JT: I will admit to having read only about half of the Kree-Skrull War as a fledgling Prof back in the day. Will that make me lose tenure?

Astonishing Tales 6
Ka-Zar in
" 'ware the Winds of Death"
Story by Gerry Conway
Art by Barry Smith & Bill Everett

Heading towards home after defeating the Sun God, Ka-Zar and Tongah wake to the fleeting sight of a strange light in the distance. Suddenly lightning strikes and brings with it a god from the sky! A similar storm in England sees a young girl, who we later learn can “feel” people in her mind, rush to the estate of Lord Kevin Plunder (aka KZ himself), claiming she must speak with him—or he will die! Meanwhile, Tongah explains the legend of Damon, whose lover met a tragic end and his sorry drove him mad and he “brought a drowning flood upon the Savage Land”. Now Damon has returned, and it appears he’s flooding Tongah’s village. But Ka-Zar stops him from going after Damon foolishly, until the vengeful (and quite boastful) god strikes! Trusty Zabu saves the loincloth-garbed duo, as Tongah’s brother and sister see the strange light, and we end on Damon in a fury of rage and bloodlust! -JT

JT: Kind of an interesting setup, although this Damon character quite literally falls from the sky, out of wunderkind Gerry’s imagination. He’s certainly not a nice fella, and is made all the more angry by some nice Barry Smith and Bill Everett art. The mysterious bird (that’s woman to you non-Brits in the classroom) who shows up at the Plunder estate adds to the setup, although if the next issue is “The Final Hour” I do believe we’re in for a quick reckoning. And is it me, or on page 16 does KZ look like a bleached blond Steven Tyler of Aerosmith? And what’s with the title? Is ‘Ware really a shortened form of “Beware”? Is it necessary to clip the word or is that Savage Land-speak? Oh, you wacky wunderkind…..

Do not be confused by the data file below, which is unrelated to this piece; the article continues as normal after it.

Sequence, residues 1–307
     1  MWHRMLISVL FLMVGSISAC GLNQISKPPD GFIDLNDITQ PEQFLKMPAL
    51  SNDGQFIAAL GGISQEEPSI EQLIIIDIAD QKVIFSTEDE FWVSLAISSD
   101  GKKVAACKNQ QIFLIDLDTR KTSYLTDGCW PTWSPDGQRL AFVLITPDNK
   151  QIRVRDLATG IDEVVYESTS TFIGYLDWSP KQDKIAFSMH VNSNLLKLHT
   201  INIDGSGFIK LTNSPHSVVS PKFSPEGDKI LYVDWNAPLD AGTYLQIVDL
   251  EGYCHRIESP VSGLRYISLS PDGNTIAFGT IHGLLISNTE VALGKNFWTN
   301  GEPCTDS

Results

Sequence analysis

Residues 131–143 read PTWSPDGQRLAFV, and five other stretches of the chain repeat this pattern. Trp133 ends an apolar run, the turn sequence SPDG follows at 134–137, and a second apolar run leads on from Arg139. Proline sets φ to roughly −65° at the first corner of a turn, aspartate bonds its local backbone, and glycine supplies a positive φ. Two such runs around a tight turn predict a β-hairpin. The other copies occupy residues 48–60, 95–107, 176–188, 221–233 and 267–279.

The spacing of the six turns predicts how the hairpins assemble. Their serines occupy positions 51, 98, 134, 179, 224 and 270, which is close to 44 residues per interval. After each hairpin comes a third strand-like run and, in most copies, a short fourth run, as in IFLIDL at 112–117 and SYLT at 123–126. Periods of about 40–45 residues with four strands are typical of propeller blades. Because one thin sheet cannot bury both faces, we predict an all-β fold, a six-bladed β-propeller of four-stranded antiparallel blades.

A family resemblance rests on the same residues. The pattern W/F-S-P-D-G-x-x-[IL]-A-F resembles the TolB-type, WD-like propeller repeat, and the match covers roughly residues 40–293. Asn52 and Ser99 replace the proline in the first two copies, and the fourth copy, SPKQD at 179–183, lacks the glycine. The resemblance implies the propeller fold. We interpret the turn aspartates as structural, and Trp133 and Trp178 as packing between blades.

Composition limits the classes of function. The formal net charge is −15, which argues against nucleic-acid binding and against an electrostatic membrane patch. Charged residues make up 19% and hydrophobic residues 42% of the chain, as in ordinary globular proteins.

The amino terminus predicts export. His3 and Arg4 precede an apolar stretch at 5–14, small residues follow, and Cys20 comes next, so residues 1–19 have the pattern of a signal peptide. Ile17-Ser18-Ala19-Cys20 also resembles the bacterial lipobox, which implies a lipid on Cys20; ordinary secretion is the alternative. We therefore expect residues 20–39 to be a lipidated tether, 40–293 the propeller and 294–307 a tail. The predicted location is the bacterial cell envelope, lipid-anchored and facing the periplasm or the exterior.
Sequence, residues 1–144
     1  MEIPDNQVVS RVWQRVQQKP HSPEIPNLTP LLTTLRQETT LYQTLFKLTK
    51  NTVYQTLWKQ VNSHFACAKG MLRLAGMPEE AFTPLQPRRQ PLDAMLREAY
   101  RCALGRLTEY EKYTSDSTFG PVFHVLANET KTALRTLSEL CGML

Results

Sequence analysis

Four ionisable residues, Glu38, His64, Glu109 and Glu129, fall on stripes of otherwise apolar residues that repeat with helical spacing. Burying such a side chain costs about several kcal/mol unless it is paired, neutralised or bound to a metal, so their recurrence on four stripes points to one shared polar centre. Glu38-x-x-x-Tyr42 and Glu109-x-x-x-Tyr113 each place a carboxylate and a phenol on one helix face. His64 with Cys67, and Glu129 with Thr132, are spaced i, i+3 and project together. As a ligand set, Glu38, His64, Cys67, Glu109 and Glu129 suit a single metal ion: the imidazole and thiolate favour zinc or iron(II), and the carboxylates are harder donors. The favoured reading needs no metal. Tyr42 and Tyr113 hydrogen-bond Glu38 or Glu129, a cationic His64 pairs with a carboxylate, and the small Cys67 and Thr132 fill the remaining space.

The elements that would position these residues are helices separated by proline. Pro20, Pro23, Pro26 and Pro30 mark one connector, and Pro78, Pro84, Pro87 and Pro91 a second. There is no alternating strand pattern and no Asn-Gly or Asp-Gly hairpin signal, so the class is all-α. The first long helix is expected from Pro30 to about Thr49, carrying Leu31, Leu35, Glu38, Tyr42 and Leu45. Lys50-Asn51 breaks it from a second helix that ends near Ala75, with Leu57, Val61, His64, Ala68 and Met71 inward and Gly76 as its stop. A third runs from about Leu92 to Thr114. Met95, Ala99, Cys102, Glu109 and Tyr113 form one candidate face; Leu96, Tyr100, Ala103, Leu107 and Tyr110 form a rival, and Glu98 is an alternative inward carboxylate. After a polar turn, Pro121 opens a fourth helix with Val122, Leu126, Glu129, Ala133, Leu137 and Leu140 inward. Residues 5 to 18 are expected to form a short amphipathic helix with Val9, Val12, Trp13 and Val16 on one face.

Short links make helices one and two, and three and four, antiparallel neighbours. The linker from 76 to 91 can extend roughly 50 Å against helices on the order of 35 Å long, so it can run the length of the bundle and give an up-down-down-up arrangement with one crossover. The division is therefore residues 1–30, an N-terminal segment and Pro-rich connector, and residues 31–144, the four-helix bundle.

MB: Conway and Smith (who’s apparently making quite a name for himself with another scantily clad hunk o’ beefcake, Conan) provide consistency alongside Ka-Zar’s third inker in as many issues, Bill Everett.  Having missed the last two installments, I can only compare Wild Bill’s work with that of Sam Grainger in #3, but while they are probably not considered Barry’s specialty, several of the facial shots here do not reflect well on the new team.  I am also forcefully reminded, after Gerry’s recent underwhelming efforts on Daredevil and Iron Man, how much promise I—and clearly the higher-ups at Marvel—thought he showed with that first half-issue; perhaps this strip is simply more up his alley than Horn- or Shellhead’s exploits.

SM: Once again, Barry Smith is the only reason to give this feature a second look. It's easy to confuse the visuals with his Conan work, especially since Damon is apparently from the same line of red-haired warriors in that book. Must everyone be from Scotland? It took me a second to remember Ka-Zar's real name is Kevin Plunder (can you blame me?). Damon is a pretty decent character, better than this series deserves. Actually, he would be a better fit in Conan.

PE: There's some pretty pitchers here but the story's full of pretension and, well, I don't know what else. It's almost as though Marvel offered Gerry Conway a tenure on The Mighty Thor, so he sat and wrote out a batch of cosmic-related scripts, then Marvel reneged but assigned him Ka-Zar, so he changed the names of the characters and pushed on. I just don't see storm gods and jungle lords mixing. Don't get me wrong, it's neither awful nor unreadable, it's just choc and cheese. The truncated format doesn't help either.

Doctor Doom in
"The Tentacles of the Tyrant!"
Story by Larry Lieber
Art by Goerge Tuska & Mike Esposito